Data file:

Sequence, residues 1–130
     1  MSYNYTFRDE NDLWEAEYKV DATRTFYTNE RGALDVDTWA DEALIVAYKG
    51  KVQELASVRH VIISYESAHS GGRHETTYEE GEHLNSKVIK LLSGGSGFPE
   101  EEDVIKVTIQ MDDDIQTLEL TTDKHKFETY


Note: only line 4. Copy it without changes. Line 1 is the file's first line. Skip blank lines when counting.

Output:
   101  EEDVIKVTIQ MDDDIQTLEL TTDKHKFETY